“if you will be good enough to understudy me” [RETI]
When Sherlock Holmes and John H. Watson first meet, thanks to the introduction via Stamford, they seem an odd pair — like two circles of a Venn diagram that just barely overlap. And yet this combination is exactly what was necessary to bring the many adventures of Sherlock Holmes to the world.
Had they been more alike, we wouldn't have experienced the wonder and awe with which Watson treated some of their interactions. Nor would we have instances of Holmes's ultimate disappointment when he sent Watson in his place during certain cases.
For instance, in "The Solitary Cyclist," Watson returns from his observation of the cyclist, which was done at a considerable distance:
Mr. Sherlock Holmes listened with attention to the long report which I was able to present to him that evening, but it did not elicit that word of curt praise which I had hoped for and should have valued. On the contrary, his austere face was even more severe than usual as he commented upon the things that I had done and the things that I had not.“Your hiding-place, my dear Watson, was very faulty... As it is you were some hundreds of yards away, and can tell me even less than Miss Smith... You really have done remarkably badly.”“What should I have done?” I cried, with some heat.“Gone to the nearest public-house. That is the centre of country gossip. They would have told you every name, from the master to the scullery-maid...Well, well, my dear sir, don’t look so depressed. We can do little more until next Saturday, and in the meantime I may make one or two inquiries myself.”
In "The Retired Colourman," Holmes was finishing up his investigation of the two Coptic Patriarchs, so he sent Watson off to Lewisham as his "understudy." But we can't say Holmes wasn't prepared; he did so knowing that Watson didn't have the power of observation as him.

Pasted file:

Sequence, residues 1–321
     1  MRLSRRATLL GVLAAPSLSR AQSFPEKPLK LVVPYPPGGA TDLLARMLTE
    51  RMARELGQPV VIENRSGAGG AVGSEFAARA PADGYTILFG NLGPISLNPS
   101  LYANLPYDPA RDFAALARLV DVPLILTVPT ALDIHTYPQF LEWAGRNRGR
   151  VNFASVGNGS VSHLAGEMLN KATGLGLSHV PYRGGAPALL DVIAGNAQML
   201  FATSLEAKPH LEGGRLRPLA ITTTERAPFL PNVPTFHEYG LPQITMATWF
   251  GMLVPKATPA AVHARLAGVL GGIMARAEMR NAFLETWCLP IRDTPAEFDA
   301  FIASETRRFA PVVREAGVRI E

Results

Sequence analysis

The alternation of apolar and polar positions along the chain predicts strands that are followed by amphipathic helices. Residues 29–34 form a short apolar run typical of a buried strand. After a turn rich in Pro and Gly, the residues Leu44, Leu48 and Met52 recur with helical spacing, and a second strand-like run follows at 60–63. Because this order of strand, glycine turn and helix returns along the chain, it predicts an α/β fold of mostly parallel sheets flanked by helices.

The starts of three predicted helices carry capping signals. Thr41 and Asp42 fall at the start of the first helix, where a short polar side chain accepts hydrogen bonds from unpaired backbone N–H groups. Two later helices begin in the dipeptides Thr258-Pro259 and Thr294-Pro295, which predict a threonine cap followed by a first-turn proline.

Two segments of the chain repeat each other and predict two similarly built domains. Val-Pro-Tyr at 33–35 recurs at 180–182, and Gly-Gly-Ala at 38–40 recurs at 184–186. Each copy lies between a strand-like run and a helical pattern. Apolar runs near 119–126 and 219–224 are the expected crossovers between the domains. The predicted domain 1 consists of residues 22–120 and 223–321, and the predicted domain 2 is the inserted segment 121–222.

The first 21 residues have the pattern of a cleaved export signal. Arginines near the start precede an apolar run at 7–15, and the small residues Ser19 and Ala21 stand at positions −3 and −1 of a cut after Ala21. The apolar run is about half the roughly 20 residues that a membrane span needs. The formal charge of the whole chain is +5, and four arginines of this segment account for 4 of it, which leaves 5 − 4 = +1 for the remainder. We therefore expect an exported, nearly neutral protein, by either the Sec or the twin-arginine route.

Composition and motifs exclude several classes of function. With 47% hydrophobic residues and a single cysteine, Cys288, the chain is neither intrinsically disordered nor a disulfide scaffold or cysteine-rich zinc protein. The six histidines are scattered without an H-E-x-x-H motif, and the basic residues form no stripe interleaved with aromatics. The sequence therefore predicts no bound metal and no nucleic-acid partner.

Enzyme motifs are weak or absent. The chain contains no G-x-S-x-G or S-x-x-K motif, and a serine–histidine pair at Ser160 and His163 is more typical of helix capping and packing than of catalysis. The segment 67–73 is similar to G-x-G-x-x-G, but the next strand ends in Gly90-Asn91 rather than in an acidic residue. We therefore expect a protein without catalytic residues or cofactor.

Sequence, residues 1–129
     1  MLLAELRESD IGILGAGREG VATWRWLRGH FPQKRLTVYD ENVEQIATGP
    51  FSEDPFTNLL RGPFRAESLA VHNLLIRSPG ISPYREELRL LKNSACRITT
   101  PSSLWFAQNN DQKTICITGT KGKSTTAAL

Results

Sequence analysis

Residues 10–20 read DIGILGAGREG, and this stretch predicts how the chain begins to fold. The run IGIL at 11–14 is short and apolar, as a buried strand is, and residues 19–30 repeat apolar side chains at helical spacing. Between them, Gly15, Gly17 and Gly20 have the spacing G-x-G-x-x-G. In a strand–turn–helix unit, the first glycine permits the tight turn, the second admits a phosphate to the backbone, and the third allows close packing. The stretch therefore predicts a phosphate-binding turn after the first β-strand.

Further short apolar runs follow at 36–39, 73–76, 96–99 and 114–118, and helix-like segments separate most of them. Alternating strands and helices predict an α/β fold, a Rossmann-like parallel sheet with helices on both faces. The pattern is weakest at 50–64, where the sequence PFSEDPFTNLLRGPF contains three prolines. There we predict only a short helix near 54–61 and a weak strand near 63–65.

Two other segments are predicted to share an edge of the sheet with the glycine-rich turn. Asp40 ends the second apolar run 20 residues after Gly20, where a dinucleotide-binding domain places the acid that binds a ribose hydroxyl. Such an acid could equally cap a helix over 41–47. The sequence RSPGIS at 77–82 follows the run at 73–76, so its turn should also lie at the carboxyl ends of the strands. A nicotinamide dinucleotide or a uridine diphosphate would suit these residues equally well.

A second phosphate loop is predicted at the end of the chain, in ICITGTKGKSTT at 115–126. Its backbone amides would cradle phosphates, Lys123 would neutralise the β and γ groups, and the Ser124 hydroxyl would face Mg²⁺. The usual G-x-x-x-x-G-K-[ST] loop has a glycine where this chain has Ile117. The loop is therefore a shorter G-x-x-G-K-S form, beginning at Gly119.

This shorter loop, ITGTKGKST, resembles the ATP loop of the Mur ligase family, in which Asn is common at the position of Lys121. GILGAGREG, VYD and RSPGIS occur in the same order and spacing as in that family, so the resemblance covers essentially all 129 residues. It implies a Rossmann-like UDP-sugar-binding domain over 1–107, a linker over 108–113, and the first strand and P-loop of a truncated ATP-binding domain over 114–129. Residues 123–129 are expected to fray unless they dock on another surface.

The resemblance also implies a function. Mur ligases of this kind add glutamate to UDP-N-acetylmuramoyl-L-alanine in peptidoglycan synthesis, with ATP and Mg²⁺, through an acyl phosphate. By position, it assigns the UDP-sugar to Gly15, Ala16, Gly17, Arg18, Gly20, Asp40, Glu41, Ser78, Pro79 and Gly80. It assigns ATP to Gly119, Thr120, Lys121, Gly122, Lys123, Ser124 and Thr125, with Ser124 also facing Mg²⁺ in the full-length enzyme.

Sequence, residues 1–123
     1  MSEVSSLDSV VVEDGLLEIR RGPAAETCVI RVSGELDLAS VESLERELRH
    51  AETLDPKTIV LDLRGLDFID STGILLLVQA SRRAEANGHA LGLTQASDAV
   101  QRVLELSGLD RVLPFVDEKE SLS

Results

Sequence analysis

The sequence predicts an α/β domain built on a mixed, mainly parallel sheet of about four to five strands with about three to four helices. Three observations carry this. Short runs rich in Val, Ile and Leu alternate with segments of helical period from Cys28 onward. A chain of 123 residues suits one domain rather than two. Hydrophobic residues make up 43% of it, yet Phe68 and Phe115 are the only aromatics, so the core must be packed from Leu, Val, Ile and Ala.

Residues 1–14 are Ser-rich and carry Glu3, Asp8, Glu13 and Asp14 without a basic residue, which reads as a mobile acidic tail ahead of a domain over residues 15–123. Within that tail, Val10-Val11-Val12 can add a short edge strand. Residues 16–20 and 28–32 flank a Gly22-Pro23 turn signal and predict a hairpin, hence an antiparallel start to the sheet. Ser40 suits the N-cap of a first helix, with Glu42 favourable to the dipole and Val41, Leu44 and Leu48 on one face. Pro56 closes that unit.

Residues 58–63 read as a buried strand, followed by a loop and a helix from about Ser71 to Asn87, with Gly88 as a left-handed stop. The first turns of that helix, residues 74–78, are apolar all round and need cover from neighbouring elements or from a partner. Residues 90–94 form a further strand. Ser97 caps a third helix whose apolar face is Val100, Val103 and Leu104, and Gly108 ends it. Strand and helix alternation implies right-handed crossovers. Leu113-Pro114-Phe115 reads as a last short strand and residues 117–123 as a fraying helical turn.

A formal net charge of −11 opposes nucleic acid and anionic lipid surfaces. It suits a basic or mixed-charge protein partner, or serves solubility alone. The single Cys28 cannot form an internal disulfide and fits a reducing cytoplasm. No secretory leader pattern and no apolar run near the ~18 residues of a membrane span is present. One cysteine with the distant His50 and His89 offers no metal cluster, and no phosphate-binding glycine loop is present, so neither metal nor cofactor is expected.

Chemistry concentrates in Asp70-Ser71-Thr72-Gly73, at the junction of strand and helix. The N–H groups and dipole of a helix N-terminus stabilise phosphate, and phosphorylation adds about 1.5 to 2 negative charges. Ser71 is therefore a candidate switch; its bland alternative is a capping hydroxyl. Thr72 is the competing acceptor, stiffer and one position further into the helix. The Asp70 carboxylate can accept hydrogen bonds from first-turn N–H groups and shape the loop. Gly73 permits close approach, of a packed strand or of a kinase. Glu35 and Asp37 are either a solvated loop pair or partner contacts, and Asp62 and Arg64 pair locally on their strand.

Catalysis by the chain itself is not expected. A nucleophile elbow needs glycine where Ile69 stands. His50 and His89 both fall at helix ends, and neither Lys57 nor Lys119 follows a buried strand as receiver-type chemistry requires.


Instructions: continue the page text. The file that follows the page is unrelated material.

He managed to outdo Watson on Watson's description of Josiah Amberley:
“Left shoe wrinkled, right one smooth.”“I did not observe that.”“No, you wouldn’t. I spotted his artificial limb. But proceed.”
Watson was already disturbed at this kind of set-up in The Hound of the Baskervilles. But Holmes saves the day by reassuring Watson of his utility:
“Then you use me, and yet do not trust me!” I cried with some bitterness. “I think that I have deserved better at your hands, Holmes.”“My dear fellow, you have been invaluable to me in this as in many other cases, and I beg that you will forgive me if I have seemed to play a trick upon you.”
This pairing works well, for as Holmes admits earlier in that same story: “Some people without possessing genius have a remarkable power of stimulating it.”
We're glad they were stimulated to be friends at Baker Street Elementary...
Baker Street Elementary follows the original adventures of Sherlock Holmes and John Watson, as they and their friends work through the issues of elementary school in Victorian London. An archive of all previous episodes can be viewed at www.bakerstreetelementary.org.